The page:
Home Institution

College of Charleston

Publication Date

Fall 2017

Program Name

Iceland and Greenland: Climate Change and The Arctic


Northern residing plant species are at the highest risk for extinction due to temperature rise related to climate change (Schöb, Manuel, Choler & Veit, 2009). Climate change has also led to a northern shift in the geographic distribution of plant species (Parmesan & Yohe, 2003). This could lead to a necessary alteration in the way natural resources are utilized in arctic countries like Iceland (Lim-Camacho et al, 2017). The purpose of this study is to analyze the way in which Icelandic plant species used in natural dye practices may shift in distribution due to climate change and the potential impact this shift may have on the craft. In this study, six plant species used for natural textile dyeing in Iceland were processed into dyes and applied to Icelandic wool. The dyed wool was then woven into an art piece representative of the findings of this study. Through analysis of previous literature on tundra species used in dyeing, the study concludes that a decrease in species diversity and an increase of invasive plant species will occur due to increased temperatures. An increase of new species could lead to new opportunities in the color palette but the increase of invasive species could lead to extinction of commonly used native species that produce unique colors. While some native species like Rumex longifolius will benefit from climate change, other native species will falter. This means that natural dye practitioners in Iceland will begin to see a decrease in the availability of commonly used native species like Cladonia chlorophaea, Peltigera canina and Alchemilla vulgaris and will have to be more mindful when gathering and using them.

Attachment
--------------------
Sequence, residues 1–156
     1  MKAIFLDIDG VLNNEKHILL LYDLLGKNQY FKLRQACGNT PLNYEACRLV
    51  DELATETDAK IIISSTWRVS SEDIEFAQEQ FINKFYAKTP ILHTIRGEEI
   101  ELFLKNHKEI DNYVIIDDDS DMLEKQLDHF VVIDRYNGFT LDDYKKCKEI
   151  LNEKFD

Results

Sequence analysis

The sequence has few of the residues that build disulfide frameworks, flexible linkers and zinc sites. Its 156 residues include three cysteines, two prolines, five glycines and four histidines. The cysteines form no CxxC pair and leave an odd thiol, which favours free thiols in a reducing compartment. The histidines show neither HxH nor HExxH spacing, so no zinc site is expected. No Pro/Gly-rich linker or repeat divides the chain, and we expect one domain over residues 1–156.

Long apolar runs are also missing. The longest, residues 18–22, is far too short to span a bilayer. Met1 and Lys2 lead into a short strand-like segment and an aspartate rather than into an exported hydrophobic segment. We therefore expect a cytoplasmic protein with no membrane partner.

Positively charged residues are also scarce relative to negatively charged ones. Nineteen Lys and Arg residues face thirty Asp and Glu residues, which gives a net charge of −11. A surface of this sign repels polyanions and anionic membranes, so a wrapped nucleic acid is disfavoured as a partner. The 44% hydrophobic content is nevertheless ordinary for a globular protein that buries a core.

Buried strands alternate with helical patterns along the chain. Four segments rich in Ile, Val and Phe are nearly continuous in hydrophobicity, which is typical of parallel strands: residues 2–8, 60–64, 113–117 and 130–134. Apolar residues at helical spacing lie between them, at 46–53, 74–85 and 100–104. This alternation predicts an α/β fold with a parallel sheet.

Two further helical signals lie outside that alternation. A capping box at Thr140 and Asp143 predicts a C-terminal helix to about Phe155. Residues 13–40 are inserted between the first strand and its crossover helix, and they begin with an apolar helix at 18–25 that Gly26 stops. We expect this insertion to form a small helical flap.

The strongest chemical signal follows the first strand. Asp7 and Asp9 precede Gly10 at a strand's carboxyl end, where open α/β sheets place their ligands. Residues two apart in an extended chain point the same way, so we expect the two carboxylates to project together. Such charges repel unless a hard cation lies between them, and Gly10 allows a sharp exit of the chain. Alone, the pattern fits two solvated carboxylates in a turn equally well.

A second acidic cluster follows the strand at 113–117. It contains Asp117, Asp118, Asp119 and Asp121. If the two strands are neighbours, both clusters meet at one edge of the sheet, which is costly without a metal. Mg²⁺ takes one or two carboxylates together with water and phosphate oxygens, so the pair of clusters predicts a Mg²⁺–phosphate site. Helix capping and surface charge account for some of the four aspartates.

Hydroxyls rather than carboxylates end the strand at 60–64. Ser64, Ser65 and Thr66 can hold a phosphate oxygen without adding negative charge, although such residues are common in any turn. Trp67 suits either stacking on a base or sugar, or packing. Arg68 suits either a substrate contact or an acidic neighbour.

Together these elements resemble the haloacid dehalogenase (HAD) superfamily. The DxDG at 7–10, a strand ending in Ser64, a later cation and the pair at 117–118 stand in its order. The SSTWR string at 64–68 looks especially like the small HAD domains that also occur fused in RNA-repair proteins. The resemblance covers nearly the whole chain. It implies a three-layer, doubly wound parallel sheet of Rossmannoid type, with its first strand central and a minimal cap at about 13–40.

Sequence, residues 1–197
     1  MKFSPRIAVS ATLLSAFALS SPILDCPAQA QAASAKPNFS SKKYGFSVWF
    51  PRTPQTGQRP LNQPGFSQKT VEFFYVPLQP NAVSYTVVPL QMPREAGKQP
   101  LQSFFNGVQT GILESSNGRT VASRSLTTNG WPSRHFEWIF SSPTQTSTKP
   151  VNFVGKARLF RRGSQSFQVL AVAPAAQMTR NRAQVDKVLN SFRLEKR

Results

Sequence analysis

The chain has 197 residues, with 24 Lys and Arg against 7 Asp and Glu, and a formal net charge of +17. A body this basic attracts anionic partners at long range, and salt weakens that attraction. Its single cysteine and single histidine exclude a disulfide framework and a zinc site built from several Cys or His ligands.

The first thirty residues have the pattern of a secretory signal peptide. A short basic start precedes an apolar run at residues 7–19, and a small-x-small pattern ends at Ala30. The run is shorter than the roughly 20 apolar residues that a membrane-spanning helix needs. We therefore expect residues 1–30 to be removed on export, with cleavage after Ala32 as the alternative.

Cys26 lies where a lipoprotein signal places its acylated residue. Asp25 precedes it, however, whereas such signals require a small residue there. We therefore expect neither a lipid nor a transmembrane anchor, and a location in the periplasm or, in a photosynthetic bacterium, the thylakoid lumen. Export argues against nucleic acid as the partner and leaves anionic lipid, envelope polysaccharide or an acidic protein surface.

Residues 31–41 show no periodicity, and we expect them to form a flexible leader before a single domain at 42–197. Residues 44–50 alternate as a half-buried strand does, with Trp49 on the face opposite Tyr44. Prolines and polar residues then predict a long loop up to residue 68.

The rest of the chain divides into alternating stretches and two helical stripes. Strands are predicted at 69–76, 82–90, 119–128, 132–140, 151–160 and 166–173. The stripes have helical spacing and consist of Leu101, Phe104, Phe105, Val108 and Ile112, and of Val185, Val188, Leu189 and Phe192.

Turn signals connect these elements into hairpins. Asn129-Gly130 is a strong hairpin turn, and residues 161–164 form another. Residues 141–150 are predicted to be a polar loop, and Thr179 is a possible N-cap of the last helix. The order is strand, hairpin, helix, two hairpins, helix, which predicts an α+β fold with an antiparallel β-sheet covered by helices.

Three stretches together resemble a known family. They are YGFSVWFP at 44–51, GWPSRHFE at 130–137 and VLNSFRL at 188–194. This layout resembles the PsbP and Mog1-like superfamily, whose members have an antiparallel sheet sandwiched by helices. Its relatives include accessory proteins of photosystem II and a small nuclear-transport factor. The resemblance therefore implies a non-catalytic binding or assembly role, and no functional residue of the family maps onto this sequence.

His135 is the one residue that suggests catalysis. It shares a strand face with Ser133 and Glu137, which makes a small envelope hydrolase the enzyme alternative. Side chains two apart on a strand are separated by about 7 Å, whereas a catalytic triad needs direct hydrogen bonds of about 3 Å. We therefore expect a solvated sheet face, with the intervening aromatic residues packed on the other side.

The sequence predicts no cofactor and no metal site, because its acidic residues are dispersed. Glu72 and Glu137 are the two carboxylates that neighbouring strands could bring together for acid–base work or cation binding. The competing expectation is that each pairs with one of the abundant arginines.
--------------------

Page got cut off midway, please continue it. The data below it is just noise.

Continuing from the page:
Botany | Climate | Environmental Sciences | Fiber, Textile, and Weaving Arts | Sustainability | Weed Science


Article Location